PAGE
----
Clustered index with datetime/Id

Naomi 7,361 Reputation points
2022-02-08T20:41:22.323+00:00

Hi everybody,

Since I'm here today I think I'll ask another question. I have a huge audit table to which all processes always add rows (never delete or update) with default datetime and bigint identity column. We're making a clustered index on datetime, id columns in that order.

My question is - given the fact that this is highly used table (lots and lots of inserts), should that clustered index be on datetime, Id columns both in ASC order? We do use this table for ad-hoc selects very often and obviously we're interested in most recent dates (say, last 1 day at most). When I was testing queries I found them to be quite slow having index in ASC order but the INSERTs must outweigh the performance since we're adding about 100K+ or more rows per day.

Thanks in advance.

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Accepted answer
  1. Vladimir Moldovanenko 251 Reputation points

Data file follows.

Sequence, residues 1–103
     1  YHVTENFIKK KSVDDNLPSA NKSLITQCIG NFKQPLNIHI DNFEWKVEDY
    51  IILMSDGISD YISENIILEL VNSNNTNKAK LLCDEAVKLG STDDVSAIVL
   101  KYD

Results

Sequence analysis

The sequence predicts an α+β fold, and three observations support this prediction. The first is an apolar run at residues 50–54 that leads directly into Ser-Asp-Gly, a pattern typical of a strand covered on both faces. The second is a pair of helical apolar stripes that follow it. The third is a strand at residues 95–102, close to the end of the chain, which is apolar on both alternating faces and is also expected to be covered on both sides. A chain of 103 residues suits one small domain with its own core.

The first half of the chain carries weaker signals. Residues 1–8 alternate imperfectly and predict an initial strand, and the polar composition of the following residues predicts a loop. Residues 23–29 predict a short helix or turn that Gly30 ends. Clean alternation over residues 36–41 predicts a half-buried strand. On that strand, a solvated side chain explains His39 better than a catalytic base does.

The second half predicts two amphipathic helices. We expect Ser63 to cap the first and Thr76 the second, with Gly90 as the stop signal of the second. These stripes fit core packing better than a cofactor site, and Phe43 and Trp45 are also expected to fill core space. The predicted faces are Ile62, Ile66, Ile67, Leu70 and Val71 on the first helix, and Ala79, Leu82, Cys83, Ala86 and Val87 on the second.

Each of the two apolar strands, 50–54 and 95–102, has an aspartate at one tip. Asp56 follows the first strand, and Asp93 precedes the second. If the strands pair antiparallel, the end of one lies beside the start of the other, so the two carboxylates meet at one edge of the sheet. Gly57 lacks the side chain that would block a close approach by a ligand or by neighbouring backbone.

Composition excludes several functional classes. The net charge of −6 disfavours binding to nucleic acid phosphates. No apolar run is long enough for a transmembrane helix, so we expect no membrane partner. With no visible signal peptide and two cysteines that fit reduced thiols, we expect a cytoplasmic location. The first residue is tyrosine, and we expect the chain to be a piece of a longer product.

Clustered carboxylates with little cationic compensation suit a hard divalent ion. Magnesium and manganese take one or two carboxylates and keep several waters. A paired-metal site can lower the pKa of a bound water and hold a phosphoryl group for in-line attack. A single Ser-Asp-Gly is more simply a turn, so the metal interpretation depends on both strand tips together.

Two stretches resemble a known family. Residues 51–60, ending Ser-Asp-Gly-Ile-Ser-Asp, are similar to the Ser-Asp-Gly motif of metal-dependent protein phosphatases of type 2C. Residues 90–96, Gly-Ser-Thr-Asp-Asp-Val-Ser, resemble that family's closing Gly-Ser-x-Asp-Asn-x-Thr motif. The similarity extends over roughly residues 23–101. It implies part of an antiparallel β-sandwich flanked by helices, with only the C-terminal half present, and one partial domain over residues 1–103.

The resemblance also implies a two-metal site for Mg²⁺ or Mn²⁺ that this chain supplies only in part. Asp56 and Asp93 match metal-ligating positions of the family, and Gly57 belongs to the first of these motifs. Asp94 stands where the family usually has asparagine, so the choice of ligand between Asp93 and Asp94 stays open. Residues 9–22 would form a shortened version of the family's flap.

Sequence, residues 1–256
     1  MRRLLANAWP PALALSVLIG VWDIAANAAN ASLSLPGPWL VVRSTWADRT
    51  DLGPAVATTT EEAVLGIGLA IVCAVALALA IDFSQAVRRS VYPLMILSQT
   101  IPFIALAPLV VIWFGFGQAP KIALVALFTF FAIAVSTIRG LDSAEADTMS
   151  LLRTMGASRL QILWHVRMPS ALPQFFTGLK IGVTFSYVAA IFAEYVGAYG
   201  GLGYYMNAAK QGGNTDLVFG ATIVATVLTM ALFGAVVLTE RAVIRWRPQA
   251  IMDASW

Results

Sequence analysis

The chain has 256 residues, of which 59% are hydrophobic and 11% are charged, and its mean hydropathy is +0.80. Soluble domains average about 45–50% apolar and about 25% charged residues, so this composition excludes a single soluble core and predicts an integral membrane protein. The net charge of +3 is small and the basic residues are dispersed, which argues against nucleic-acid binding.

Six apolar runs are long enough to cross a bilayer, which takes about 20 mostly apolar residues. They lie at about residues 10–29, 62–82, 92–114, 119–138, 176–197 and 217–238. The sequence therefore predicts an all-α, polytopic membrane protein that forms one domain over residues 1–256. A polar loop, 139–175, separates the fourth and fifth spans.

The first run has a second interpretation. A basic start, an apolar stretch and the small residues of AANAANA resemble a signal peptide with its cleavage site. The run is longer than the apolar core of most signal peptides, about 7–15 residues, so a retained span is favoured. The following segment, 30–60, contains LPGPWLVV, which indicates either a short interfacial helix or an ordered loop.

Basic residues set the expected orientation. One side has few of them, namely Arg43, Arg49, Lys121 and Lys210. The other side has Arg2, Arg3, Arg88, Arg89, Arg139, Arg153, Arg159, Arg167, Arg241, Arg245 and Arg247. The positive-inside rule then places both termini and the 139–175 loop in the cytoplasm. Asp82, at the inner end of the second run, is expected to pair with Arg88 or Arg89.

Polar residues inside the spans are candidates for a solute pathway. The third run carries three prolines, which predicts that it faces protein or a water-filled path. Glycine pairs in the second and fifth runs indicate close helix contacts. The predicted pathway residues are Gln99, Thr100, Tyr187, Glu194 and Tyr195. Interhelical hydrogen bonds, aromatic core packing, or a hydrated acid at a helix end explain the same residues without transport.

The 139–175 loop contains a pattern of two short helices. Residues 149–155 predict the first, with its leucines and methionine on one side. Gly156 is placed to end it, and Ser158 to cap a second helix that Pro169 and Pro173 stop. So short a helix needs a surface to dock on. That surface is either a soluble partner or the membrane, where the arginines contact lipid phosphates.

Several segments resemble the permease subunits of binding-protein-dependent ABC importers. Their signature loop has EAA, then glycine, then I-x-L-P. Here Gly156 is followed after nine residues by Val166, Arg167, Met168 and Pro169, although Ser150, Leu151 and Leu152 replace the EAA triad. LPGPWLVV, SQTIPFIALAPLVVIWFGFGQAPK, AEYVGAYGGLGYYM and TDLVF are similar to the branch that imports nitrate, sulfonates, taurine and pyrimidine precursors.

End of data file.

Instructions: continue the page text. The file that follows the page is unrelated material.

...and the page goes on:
2022-02-08T21:01:53.117+00:00

    @Naomi

    I would do this

    BEGIN TRANSACTION  
      
    CREATE TABLE dbo.Tbl  
    (  
        ID bigint NOT NULL IDENTITY(1, 1)  
        ,DT datetime2(3) NOT NULL  
        ,CONSTRAINT PK_ID PRIMARY KEY CLUSTERED (ID)  
        WITH (PAD_INDEX = OFF, STATISTICS_NORECOMPUTE = OFF, IGNORE_DUP_KEY = OFF, ALLOW_ROW_LOCKS = ON, ALLOW_PAGE_LOCKS = ON, FILLFACTOR = 100, OPTIMIZE_FOR_SEQUENTIAL_KEY = ON) ON [PRIMARY]  
    )  
      
    CREATE NONCLUSTERED INDEX IX_Tbl_DT ON dbo.Tbl (DT ASC)  
    WITH (PAD_INDEX = OFF, STATISTICS_NORECOMPUTE = OFF, SORT_IN_TEMPDB = OFF, DROP_EXISTING = OFF, ONLINE = OFF, ALLOW_ROW_LOCKS = ON, ALLOW_PAGE_LOCKS = ON, FILLFACTOR = 100)  
      
    ROLLBACK  
    

    Use SQL 2019, see

    https://techcommunity.microsoft.com/t5/sql-server-blog/behind-the-scenes-on-optimize-for-sequential-key/ba-p/806888

    I prefer sequence object to identity

    Thanks

    1 person found this answer helpful.

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  1. Erland Sommarskog 100.8K Reputation points MVP
    2022-02-08T22:39:32.51+00:00

    If you need to know the order the rows were inserted in, it is better to rely on the id column I think. This is because time can go backwards in modern computers. That is, a row B inserted after row A, may still have an earlier timestamp, because CPUs may not be in perfect sync.

    1 person found this answer helpful.